Station No. 32 – Oeynhausen – Berlin – Coblenz Royal Prussian optical telegraph line
The Oeynhausen telegraph station is station no. 32 along the Berlin – Coblenz optical telegraph line that connected Berlin with the Prussian Rhein regions for communication purposes between 1833 and 1849.
The telegraph line with a length of around 600 km led from Berlin via Magdeburg past Braunschweig to Höxter, Paderborn, Rüthen, Iserlohn, Cologne and from there via Siegburg to Coblenz.
Existing high buildings such as castle towers and churches were used in addition to the newly constructed station houses.
A characteristic feature of a telegraph station was a high mast with three twin arms that could be recognised from afar. 4,096 characters could be displayed in purely arithmetical terms with aid of these so-called indicators. Numbers, letters, syllables, words and complete sentences were communicated such as "why isn't the line working" or "nothing new!"
With "excellent" air, 1.5 to 2 characters per minute were communicated to the next station situated between 7.5 and 15 km away and usually perched on a hill; operation however had to be interrupted in fog or rain. A dispatch of 30 words reached Coblenz from Berlin in 1.5 hours. This was a master performance in terms of communication if it is considered how long a messenger on horseback needed for this distance.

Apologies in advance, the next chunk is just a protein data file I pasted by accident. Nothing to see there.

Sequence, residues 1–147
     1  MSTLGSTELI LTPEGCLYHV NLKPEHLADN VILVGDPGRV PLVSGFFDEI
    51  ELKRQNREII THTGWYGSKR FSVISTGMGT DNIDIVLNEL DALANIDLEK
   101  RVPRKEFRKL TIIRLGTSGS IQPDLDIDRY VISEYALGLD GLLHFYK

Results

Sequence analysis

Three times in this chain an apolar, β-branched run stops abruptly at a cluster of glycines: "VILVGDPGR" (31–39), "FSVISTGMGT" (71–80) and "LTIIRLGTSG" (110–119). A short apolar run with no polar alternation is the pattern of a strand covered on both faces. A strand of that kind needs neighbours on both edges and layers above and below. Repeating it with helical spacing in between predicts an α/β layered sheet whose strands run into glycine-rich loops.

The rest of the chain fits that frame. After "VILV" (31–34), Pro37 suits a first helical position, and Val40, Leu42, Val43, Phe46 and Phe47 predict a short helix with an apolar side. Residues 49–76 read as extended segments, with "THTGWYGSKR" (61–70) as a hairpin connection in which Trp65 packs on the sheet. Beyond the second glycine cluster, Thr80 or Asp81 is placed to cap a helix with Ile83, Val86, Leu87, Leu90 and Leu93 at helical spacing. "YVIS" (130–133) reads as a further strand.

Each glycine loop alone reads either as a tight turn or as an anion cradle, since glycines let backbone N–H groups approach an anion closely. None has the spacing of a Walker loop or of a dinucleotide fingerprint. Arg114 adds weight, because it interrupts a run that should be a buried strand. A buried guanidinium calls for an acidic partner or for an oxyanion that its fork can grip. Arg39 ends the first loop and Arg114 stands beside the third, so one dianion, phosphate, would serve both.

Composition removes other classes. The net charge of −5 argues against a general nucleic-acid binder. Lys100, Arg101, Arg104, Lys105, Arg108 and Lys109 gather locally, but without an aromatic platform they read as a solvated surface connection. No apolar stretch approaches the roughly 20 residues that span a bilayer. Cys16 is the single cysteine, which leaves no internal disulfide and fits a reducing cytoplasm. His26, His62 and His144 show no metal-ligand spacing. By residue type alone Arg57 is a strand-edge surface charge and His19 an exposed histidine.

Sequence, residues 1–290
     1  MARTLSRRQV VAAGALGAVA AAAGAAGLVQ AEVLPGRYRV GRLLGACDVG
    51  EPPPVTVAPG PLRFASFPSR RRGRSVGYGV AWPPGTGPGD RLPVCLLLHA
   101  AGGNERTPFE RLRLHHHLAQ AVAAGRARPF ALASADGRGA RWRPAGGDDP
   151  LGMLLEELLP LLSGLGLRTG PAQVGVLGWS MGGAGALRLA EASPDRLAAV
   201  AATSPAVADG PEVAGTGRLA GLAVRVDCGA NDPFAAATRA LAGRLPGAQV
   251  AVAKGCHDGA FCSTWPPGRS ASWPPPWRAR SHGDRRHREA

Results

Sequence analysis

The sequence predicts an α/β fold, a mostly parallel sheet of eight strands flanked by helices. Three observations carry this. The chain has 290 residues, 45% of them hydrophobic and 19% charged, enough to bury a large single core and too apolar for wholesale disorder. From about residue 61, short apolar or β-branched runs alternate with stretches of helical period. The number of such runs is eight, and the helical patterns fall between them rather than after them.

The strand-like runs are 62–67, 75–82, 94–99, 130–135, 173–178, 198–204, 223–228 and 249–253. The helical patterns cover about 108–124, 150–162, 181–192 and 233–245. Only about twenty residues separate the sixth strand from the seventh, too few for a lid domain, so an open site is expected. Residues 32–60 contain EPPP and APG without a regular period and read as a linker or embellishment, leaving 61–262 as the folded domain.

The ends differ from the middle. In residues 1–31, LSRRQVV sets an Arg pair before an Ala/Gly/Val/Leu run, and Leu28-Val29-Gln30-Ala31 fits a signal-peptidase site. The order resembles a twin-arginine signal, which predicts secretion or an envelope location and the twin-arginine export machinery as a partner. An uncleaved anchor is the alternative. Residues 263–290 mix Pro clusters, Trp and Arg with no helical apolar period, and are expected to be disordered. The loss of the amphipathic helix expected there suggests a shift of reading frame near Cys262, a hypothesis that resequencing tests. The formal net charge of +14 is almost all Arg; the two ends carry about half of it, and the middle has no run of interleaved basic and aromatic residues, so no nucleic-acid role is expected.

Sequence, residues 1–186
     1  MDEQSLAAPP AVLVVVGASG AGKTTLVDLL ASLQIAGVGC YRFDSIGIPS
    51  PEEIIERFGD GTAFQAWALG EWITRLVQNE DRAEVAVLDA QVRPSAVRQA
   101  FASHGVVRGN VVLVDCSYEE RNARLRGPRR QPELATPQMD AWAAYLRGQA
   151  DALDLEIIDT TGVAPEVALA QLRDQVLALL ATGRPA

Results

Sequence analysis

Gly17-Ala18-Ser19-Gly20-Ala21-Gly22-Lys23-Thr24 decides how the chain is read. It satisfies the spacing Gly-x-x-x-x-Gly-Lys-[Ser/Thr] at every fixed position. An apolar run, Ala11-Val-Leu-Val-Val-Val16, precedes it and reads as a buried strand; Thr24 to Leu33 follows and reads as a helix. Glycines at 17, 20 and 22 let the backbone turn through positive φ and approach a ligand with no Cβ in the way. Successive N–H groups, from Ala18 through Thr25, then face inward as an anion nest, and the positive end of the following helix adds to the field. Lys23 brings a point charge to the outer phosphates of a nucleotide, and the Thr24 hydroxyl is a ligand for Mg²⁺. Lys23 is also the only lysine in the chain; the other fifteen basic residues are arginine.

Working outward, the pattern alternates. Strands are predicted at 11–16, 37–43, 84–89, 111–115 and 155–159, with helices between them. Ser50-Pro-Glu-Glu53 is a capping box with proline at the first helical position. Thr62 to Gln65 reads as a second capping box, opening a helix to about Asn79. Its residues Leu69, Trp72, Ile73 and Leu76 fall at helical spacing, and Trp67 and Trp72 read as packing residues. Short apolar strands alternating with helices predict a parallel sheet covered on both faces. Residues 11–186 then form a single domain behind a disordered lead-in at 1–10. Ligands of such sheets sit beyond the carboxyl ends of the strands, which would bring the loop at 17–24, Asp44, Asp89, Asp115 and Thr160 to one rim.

Operation of optical telegraphy was terminated after just 16 years because electromagnetic telegraphy had been invented. The telegraph houses were either sold or torn down.
Station No. 32 Oeynhausen was sold in 1850 at the Nieheim town hall for demolition purposes. In 1978, members of the Oeynhausen homeland association excavated and laid bare the foundation walls of the station. Reconstruction of the station was then commenced with financial support from the Westphalian Department for the Preservation of Historical Monuments in Münster – this was completed in 1984.
The now rebuilt “Telegraphen-Etablissement” Nr. 32 shows the room of the Prussian telegraphers incl. indicator device and historical uniforms, reconstructed in cooperation with LWL-Preußenmuseum Minden.
In the lower tower room an exhibition on optical telegraphy and the history of Prussia in Westphalia is located (currently in revision)